2. The issue is not just about the underemployed – but is increasingly about the large layer at the bottom of the social pyramid: the underpaid. Our current obsession with allowing the so-called wealth creators to get richer and richer is ultimately at the expense of our civilisation as a whole, and if left unchecked will entail the head eating it’s own tail. In the last 4 years the 1000 wealthiest people in the UK increased their wealth (I refuse to say earnt) by the same amount as our total national debt. Democracy cannot survive under these conditions, with society’s wealth creation being effectively stolen and hoarded by a tiny elite. In the 7th wealthiest country in the world we should not have mass poverty, homelessness etc. We have plenty of resources to go round, we just need to allocate it more reasonably. I am loath to suggest which party might see the wood for the trees here – but it almost certainly won’t be the Labour or Tory parties!

    • If I could like a comment on WordPress this would have taken it! Apart from the anti Lab bit at the end of course!

    • Good OP (nice twist), and good comment. When you have the likes of Ferdinand Mount, author of the Tories’ 1983 manifesto, saying the same kind of thing (if not quite in the same way), then maybe we have reached rock bottom in terms of income inequality, and the only way is up? We can only hope.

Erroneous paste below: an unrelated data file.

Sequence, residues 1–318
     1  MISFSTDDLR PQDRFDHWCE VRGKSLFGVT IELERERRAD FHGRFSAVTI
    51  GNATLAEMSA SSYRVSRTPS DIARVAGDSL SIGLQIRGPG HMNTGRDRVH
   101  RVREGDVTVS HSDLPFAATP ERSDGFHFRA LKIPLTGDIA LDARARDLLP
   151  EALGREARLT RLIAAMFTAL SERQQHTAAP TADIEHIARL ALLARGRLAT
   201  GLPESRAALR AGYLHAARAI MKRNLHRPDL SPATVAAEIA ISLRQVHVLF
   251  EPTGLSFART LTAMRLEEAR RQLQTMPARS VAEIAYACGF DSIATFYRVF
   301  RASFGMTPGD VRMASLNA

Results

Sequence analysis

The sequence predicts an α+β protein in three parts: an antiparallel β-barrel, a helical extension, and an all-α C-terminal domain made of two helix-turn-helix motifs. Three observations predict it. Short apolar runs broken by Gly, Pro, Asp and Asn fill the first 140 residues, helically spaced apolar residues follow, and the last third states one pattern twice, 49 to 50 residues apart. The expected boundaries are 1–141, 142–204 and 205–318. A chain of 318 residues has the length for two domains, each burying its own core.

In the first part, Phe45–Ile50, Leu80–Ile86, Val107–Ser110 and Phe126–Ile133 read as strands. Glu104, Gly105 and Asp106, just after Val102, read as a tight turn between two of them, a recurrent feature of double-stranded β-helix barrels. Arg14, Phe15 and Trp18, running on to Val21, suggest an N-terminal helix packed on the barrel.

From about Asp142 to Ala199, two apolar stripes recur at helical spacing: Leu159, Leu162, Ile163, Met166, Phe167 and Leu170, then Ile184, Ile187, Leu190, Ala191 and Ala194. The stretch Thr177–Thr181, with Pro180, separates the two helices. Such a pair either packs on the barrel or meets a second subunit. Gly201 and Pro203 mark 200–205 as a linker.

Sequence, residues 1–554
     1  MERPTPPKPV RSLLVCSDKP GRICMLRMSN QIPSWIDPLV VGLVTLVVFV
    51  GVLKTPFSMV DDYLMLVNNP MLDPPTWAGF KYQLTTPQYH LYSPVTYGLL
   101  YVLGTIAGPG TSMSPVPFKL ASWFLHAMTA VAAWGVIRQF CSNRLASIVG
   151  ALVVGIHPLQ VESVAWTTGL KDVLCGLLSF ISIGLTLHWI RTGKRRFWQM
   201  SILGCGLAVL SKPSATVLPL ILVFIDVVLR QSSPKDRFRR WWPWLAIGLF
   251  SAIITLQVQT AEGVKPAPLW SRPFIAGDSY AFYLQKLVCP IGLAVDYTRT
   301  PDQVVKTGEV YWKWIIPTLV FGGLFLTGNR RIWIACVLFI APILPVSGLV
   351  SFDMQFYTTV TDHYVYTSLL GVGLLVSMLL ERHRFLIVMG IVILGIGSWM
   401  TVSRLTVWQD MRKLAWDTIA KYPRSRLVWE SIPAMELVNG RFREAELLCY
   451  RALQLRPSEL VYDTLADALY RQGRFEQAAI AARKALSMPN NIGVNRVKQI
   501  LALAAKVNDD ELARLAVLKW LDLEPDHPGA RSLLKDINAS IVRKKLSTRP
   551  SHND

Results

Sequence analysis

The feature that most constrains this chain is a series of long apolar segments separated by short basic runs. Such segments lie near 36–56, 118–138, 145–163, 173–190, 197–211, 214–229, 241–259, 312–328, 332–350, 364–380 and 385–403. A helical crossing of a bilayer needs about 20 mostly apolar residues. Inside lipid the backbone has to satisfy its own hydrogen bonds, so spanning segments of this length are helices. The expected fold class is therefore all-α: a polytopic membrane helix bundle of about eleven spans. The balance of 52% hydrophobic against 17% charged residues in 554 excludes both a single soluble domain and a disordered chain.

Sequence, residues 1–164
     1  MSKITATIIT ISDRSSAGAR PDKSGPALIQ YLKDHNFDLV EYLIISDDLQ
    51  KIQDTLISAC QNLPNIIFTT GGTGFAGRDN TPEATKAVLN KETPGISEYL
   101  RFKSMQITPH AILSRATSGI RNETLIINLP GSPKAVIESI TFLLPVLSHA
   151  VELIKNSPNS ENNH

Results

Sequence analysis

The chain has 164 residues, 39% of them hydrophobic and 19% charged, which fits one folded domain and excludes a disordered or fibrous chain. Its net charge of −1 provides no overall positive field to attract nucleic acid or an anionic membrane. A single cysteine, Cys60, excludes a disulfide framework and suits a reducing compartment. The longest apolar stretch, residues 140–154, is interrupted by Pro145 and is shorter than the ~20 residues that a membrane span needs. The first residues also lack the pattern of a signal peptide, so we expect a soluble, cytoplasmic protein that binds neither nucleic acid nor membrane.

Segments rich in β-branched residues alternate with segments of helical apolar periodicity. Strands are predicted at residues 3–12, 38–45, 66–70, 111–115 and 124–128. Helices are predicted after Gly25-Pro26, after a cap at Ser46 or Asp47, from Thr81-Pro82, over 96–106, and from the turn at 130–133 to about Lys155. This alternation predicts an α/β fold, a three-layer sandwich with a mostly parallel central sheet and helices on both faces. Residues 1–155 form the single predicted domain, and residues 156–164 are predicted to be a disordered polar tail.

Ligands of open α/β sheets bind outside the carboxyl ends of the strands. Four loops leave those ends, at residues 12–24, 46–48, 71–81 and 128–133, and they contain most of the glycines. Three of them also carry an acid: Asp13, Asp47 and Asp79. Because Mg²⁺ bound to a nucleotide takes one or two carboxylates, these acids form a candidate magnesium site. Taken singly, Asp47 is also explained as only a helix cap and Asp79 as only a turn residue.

I look forward from some constructive replies from the manic state shrinkers, be they Tory, UKIP, or Orange Book Lib Dems.

    • Those richest 1000 probably got their extra wealth from the government extending the national debt!

      Government *give* our money to the biggest, richest companies owned by the richest people.

      I spend locally and support small business when I can – companies that don’t get a look in when politicians are spending our tax £…

      The government and its spending of our money(/debt) *is* the problem.

  3. The Green council charging the most for elderly social care in the country. Surely some mistake. With large numbers of elderly people in Brighton, many of them LGBT, this is a ticking time bomb. Is this another case of caring, soft Green cuts?

    I also noticed that the Green Left blog was about to publish a criticism of this entitled ‘The Lowest Cut of all’ but was mysteriously pulled. Is this censorship in the party noted for transparency and open debate?

    And Cllr Kitcat’s explanation for these charges just does not cut the mustard as anyone who works in the social care field will know. Interesting that Tower Hamlets, one of the poorest councils in the country has no charges. An example of where priorities lie perhaps?

    • Stop knocking the Greens in B & H they do a fine job of knocking themselves anyway. Time to think bigger picture like BPB.